Over 1.5 million Danes vaccinated against influenza and Covid-19 during late 2022

Denmark’s winter influenza vaccination campaign has seen a high level of uptake with over 1.5 million people receiving Covid-19 and influenza vaccines.

Over 1.5 million Danes vaccinated against influenza and Covid-19 during late 2022
People at a vaccination centre in Aalborg in 2021. The Danish Health Authority says it is pleased with Covid-19 and influenza vaccine uptake this autumn. Photo: Henning Bagger/Ritzau Scanpix

The vaccination figures were released by the Danish Health Authority three months into the winter vaccination programme, which began in September.

Around 1.9 million people have received a Covid-19 vaccination since September 15th, with 1.6 million vaccinated against influenza.

The demographic to receive the highest number of vaccinations is senior citizens.

Around 89 percent of people over the age of 85 have been vaccinated with a Covid-19 booster jab, according to the Health Authority figures. Some 80 percent have been vaccinated against influenza.

“We are naturally pleased about the high uptake for this autumn’s vaccinations,” Danish Health Authority deputy director Steen Dalsgård Jespersen said.

“That means that there is a general understanding by the public for our recommendation to accept the offer of vaccination. And that we have been successful overall with our vaccine effort,” he said.

A high proportion of people in other age groups eligible for the vaccine also chose to receive it, according to the health authority.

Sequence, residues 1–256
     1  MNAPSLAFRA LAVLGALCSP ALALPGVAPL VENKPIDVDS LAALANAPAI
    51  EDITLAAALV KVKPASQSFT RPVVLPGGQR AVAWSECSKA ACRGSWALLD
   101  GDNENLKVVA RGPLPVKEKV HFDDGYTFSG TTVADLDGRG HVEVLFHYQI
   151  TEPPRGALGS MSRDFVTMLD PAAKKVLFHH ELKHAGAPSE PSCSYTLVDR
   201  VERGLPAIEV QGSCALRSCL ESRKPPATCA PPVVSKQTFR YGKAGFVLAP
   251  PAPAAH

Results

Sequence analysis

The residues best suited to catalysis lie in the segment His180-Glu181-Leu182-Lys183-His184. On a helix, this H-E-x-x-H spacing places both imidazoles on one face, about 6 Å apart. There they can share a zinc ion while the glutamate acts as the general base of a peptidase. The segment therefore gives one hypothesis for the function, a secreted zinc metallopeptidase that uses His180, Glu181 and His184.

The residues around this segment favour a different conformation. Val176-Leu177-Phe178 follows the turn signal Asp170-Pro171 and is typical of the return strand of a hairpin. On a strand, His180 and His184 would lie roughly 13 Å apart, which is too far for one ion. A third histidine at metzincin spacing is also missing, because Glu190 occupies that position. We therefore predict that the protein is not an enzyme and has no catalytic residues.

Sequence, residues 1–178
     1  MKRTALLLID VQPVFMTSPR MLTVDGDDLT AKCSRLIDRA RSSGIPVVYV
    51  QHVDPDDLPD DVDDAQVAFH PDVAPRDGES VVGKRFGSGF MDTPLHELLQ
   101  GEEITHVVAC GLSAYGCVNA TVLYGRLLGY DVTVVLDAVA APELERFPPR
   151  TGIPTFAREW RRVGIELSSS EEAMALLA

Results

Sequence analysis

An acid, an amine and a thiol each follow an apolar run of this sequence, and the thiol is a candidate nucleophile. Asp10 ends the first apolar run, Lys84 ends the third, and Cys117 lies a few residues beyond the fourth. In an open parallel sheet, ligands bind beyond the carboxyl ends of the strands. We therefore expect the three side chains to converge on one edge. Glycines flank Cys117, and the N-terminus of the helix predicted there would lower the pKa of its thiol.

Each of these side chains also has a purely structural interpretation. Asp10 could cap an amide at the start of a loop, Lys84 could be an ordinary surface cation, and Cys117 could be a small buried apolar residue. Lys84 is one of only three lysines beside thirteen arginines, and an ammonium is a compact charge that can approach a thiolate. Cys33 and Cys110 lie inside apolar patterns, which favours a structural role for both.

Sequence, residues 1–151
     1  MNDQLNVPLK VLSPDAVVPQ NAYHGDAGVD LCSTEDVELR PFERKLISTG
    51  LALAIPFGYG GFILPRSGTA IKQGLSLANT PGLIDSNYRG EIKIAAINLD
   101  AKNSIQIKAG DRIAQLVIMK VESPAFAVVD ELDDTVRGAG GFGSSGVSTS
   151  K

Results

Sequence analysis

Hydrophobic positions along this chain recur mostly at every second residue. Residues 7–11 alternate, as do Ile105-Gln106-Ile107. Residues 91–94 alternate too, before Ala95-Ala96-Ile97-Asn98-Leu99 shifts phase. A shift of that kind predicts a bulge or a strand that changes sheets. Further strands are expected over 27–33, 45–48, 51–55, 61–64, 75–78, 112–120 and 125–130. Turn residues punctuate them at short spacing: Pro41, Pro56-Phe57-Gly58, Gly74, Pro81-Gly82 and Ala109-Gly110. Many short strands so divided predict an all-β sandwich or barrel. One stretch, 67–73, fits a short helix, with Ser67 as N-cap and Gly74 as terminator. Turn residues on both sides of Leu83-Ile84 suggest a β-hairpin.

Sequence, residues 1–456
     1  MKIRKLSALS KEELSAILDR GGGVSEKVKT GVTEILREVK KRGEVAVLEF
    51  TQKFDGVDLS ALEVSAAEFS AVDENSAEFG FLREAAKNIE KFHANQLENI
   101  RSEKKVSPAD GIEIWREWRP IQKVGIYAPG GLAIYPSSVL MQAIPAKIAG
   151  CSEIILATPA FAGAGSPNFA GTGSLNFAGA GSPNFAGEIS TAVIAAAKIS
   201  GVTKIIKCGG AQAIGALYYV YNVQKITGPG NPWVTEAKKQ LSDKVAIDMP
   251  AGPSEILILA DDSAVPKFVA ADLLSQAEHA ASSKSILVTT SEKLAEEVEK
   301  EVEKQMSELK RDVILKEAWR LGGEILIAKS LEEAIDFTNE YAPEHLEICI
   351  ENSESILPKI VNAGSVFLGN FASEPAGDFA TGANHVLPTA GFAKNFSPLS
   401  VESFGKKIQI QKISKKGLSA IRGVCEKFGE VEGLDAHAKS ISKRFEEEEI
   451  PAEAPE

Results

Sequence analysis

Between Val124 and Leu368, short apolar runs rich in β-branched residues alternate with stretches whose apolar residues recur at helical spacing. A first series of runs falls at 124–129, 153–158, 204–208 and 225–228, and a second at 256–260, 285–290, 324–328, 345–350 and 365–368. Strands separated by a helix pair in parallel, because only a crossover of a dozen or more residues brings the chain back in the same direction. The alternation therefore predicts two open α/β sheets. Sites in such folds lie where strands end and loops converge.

Some 77 percent of people between the ages of 50 and 84 received the Covid-19 booster. For influenza, the percentage is 80 percent.

Denmark has one of the highest vaccination rates for Covid-19 in the Nordic region as well as in Europe, according to the Danish Health Authority.

Despite the vaccination programme, and with isolation requirements for Covid-19 now dropped, infection numbers are expected to increase this winter.

“We therefore recommend everyone is in the target group for a vaccine who has not yet accepted the offer to make sure they do so in good time and therefore within the next couple of weeks,” Jespersen said.

Under Denmark’s vaccination programme for Covid-19, all people over the age of 50 are offered a booster or “fourth dose” of the vaccine this winter.

People under 50 can also be offered vaccination if they are in risk groups for serious illness.

Those not eligible for the booster can still receive one under a paid scheme.

Several groups are also eligible for free influenza vaccination.


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How serious is Danish recall of antibiotic medicine?

The Danish Medicines Agency, Lægemiddelstyrelsen, recently recalled antibiotic medicine Dicillin.

How serious is Danish recall of antibiotic medicine?

The medicines authority said on Monday that persons using the antibiotic medicine Dicillin, produced by Sandoz, should return it to pharmacies to be replaced.